3) Motorola Solutions has consolidated its video security and AI video analytics production into a newly renovated manufacturing facility in Richardson Texas, with plans to expand staffing in the coming year. The new facility opened in January housing 250 employees, with plans to expand by at least another 50 this year. Motorola acquired the camera and analytics company Avigilon, for a reported $1 billion in February 2018 and the Fort Worth based license plate recognition camera and software maker Vigilant Solutions in January for $445 million. In March 2019, it bought voice-over IP dispatch console maker Avtec, then Watchguard, which designs and sells in-car video systems and police body cameras to law enforcement agencies. Two additional California-based companies Pelco and Scotland-based IndigoVision were also added to Motorola’s growing security abilities.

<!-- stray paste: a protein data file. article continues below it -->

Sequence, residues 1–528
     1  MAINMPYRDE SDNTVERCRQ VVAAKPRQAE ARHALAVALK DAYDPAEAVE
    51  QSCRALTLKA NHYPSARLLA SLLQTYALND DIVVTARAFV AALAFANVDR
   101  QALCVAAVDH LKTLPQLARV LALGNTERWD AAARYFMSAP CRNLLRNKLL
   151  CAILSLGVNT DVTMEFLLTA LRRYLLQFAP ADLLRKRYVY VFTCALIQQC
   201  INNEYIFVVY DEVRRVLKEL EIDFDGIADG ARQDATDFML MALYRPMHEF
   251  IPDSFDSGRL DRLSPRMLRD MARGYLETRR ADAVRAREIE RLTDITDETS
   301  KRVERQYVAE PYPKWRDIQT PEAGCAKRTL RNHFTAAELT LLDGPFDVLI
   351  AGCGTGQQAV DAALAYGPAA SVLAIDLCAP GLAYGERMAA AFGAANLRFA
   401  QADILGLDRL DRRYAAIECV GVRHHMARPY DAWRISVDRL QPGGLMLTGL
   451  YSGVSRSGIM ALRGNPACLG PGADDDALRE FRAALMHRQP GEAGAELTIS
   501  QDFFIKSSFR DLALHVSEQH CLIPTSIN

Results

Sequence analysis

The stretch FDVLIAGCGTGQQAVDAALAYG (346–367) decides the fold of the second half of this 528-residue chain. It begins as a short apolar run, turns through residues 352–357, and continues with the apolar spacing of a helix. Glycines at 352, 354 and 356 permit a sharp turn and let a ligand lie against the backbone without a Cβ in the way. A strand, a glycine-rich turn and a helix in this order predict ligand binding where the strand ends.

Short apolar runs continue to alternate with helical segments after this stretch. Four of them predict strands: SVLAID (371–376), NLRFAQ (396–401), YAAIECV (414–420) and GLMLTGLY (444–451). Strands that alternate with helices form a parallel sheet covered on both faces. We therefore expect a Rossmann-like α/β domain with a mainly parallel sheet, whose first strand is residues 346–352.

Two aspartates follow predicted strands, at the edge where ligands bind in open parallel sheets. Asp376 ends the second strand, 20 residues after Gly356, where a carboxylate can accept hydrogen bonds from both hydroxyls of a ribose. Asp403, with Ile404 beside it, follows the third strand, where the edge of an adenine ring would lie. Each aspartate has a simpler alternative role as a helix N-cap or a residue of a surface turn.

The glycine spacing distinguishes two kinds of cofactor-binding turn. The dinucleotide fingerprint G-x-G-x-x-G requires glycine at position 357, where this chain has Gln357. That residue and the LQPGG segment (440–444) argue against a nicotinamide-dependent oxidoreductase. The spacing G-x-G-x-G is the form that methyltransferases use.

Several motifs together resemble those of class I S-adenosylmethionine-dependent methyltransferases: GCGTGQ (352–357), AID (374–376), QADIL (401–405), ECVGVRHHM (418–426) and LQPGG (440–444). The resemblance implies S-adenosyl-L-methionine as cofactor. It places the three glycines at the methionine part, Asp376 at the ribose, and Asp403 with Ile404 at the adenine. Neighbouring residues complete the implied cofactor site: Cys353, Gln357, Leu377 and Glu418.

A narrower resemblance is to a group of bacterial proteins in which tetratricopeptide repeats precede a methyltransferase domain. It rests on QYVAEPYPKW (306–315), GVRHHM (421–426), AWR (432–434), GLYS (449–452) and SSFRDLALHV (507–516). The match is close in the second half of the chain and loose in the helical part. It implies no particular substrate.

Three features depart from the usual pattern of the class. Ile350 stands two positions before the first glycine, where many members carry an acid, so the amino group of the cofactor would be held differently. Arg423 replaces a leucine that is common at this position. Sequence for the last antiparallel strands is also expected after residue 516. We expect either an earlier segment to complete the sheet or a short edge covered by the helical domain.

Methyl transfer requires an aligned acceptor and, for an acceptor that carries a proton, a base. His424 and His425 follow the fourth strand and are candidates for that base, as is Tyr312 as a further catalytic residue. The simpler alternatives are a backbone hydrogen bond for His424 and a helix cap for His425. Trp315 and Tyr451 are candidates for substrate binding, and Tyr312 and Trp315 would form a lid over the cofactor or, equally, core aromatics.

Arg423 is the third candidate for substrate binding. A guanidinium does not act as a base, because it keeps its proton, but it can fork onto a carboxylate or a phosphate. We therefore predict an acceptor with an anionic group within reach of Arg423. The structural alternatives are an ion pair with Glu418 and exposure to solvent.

4) Stock market closings for – 17 FEB 21:
Dow 31,613.02 up by 90.27 Nasdaq 13,965.50 down by 82.00 S&P 500 3,931.33 down by 1.26
1) While on the campaign trail, the new President Biden didn’t say much about space technology or projects. The space agency funding makes up just 0.4% of the national budget compared to 4% back in the mid-1960s. The Congress has not provided the funds for a earth to moon vehicle yet, so this raises the question of just how much will the new President support the space program. With Biden’s focus on the planet and global warming, concerns about worlds beyond earth appear to be diminishing. NASA already supports the earth sciences with its satellites and aircraft, and with the massive federal spending this last year, the Congress and maybe the President will seek to reduce spending so NASA may face cuts these next few years.